The following is a guest post by Jan Grenci, Reference Specialist for Posters, and Shaunette Payne, Processing Technician, Prints & Photographs Division.
Ladies and gentlemen, children of all ages, please direct your attention to the Prints & Photographs Online Catalog, and join us in celebrating the recent digitizing of the Library’s circus posters! The Circus Poster Collection includes more than 450 items representing circus companies such as P.T. Barnum, Barnum and Bailey, Ringling Brothers, Sells Brothers, Hagenbeck, Forepaugh, and Robinson.
The posters range in size from one sheet (27 x 40 inches) to billboard size. Advances in scanning technology have made it possible for the multi-sheet posters, some between 15 and 21 feet long, to be scanned and made available online for the first time. Oversize posters were scanned in sections, with some sections requiring two overlapping scans.
Staff members then skillfully stitched the sections together digitally to reproduce the entire poster. One Barnum & Bailey poster, America’s Great Naval Victory at Santiago, which measures roughly 9 feet by 21 feet, took 20 scans to capture the entire poster.
Many posters from Barnum and Bailey’s 1900 tour of Germany are now available, including the two action-filled ones below.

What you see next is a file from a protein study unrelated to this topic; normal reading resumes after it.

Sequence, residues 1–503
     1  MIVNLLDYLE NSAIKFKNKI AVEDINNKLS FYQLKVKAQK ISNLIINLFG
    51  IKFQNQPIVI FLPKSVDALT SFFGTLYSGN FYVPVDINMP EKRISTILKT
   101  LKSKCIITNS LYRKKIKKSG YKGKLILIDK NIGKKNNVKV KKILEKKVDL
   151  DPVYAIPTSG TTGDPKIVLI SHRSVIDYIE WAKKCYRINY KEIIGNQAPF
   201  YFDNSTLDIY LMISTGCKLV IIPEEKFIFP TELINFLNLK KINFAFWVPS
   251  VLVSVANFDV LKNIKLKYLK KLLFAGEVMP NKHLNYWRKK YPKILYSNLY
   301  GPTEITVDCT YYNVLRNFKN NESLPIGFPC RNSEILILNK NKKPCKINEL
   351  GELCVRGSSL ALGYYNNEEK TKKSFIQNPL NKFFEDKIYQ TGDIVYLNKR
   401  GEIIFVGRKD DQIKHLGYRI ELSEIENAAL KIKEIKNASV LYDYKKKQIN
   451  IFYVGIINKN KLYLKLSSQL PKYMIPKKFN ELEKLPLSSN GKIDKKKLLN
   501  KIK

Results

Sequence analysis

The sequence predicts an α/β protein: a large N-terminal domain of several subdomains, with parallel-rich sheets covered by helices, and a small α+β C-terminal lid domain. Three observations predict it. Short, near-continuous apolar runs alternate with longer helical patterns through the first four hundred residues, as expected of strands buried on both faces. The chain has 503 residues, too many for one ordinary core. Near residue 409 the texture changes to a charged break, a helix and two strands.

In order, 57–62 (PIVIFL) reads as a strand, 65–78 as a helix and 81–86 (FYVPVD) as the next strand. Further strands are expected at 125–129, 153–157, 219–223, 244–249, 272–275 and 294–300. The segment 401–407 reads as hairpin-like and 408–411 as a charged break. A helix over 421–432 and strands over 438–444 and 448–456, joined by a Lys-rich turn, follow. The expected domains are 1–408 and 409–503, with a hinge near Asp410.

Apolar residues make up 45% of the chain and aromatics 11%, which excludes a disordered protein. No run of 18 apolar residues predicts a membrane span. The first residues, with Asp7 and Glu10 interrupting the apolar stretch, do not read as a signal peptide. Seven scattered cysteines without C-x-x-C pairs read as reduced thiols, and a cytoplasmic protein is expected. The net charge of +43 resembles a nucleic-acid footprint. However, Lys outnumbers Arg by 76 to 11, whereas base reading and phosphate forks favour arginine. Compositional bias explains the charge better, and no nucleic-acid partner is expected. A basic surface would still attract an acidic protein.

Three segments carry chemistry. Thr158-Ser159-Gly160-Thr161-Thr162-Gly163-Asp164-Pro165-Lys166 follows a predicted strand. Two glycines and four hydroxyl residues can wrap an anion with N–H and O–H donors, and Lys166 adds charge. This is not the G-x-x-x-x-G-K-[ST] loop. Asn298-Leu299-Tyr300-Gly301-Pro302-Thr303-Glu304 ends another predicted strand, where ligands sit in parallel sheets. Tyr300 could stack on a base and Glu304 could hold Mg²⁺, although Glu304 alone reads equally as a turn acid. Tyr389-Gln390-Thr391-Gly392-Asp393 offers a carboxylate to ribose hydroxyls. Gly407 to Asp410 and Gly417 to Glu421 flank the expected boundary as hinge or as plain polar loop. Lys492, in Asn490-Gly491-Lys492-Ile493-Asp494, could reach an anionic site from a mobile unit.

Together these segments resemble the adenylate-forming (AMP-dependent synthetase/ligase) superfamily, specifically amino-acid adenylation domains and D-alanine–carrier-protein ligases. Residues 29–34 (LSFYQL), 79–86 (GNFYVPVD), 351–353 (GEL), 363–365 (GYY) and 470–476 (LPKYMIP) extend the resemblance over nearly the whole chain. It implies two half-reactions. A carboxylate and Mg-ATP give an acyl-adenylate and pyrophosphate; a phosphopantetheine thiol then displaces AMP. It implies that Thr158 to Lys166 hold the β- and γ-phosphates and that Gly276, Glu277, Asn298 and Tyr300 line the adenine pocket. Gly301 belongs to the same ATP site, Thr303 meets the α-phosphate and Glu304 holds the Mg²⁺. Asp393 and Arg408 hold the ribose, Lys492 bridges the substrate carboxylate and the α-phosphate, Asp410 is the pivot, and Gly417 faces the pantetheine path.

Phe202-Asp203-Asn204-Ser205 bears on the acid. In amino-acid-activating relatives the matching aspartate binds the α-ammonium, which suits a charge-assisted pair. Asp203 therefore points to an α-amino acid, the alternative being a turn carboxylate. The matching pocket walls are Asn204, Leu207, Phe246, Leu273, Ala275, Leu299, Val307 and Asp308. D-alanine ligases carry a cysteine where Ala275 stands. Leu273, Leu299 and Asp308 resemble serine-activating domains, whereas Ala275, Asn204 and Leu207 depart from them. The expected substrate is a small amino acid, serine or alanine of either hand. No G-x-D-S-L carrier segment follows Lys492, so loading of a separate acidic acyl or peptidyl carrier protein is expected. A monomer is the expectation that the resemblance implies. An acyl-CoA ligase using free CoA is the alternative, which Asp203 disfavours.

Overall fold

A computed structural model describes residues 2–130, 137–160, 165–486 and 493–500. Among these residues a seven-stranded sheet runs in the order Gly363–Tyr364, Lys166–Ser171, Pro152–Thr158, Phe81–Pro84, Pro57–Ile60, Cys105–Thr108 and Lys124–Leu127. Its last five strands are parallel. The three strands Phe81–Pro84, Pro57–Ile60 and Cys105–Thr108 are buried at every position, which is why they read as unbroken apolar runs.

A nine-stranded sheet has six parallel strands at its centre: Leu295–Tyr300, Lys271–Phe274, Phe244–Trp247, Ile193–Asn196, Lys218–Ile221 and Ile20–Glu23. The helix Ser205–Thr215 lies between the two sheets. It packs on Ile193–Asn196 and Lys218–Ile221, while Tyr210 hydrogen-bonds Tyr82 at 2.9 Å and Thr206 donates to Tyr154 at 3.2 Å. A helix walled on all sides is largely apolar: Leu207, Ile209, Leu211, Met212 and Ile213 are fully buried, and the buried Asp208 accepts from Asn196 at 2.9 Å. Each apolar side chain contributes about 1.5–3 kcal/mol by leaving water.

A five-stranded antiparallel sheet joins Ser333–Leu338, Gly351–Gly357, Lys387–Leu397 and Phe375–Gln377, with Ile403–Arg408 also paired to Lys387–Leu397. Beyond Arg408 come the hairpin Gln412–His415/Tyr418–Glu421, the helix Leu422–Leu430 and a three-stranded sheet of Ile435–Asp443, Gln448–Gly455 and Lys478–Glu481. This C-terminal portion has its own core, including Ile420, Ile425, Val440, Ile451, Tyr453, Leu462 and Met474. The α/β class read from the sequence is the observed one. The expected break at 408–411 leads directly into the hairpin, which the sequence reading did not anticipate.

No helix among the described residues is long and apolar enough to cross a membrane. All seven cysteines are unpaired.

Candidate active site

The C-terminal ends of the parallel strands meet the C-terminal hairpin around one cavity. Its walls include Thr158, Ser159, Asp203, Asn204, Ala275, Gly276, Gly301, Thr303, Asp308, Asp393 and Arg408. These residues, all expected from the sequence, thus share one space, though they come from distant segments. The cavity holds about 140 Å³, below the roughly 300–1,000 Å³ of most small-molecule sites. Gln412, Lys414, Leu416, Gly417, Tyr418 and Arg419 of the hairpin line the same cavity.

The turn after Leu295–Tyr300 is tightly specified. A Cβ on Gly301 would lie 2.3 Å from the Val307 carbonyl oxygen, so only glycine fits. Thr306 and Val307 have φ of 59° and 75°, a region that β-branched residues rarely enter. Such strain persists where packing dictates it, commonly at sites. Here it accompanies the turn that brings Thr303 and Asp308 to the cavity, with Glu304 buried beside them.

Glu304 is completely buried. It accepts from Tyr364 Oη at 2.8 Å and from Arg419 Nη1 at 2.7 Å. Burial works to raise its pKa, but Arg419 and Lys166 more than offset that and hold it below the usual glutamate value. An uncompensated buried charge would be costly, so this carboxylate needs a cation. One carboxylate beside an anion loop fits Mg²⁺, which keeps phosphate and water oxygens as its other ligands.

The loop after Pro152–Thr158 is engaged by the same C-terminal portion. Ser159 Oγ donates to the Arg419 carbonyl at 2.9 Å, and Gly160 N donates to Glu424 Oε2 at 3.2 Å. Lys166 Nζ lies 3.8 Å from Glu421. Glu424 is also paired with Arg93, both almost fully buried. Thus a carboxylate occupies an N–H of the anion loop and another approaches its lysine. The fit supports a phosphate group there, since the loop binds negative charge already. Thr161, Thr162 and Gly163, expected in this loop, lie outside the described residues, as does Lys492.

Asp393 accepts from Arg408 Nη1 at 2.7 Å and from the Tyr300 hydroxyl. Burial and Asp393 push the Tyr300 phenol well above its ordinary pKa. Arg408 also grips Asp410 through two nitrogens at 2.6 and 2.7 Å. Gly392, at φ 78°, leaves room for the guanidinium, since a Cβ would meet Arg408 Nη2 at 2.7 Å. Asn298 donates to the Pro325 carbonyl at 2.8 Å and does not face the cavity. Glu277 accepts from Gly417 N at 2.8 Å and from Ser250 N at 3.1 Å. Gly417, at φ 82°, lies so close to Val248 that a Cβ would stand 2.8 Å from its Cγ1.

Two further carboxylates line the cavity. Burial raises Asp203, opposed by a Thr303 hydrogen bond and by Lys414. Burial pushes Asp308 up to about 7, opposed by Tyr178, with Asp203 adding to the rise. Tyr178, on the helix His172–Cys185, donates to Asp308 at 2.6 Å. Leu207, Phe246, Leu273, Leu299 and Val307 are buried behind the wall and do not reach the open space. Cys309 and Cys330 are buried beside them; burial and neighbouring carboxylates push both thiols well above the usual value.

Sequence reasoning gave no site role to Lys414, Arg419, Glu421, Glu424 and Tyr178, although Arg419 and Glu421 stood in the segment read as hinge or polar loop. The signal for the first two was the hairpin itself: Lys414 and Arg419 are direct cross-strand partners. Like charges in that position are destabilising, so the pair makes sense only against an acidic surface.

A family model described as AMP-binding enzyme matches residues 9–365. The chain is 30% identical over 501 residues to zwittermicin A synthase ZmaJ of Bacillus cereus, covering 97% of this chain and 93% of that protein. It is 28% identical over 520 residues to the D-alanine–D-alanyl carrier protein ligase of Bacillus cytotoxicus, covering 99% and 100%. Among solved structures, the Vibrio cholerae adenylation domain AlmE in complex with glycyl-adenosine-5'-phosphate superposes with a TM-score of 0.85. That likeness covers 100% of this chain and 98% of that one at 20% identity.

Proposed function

Although the majority of posters in the collection are lithographs or offset lithographs, and were printed in the 1890’s, there are a number of earlier woodcuts. This poster, from 1872, is an example of a stock poster. These posters included images typical to most circuses, and were printed with no text. By not being printed for a specific company, the poster could be used by any circus.
Rodeo and carnival posters were also scanned, including this festive carousel image.
While you would expect to find posters full of clowns, acrobats, and all kinds of animals in the collection, you may be surprised to see this lovely rendering of the old Madison Square Garden:
The collection also includes posters for Buffalo Bill’s Wild West Show. This poster from 1896 shows Buffalo Bill alongside another famous man on horseback, Napoleon. Between the two figures sits artist Rosa Bonheur, who painted a portrait of Buffalo Bill in 1889:
The scanning and cataloging of the posters was quite a feat–though rest assured, not as death-defying as some of the acts the posters commemorate! Please take some time to enjoy a digital journey to the Big Top.
- View items from the Circus Poster Collection relating to circuses, rodeos, and carnivals.
- Take a peek behind the scenes at Shaunette Payne’s work on the circus posters and other collections in our earlier blog post, “Behind the Scenes: A Technical Perspective.”
- Not had enough of the circus (even minus the peanuts and popcorn)? Revisit a post that commemorated the closing of “The Greatest Show on Earth,” as the Ringling Bros. and Barnum & Bailey Circus put on its last show: “Fun for Children of All Ages: Circus Posters.”
- Curious about lithography and other printing technologies? Have a look at our Printmaking Processes: a Webliography.
- Read about the Federal Theatre Project’s involvement with circus performances in the online exhibition, “Coast to Coast: The Federal Theatre Project, 1935-1939.”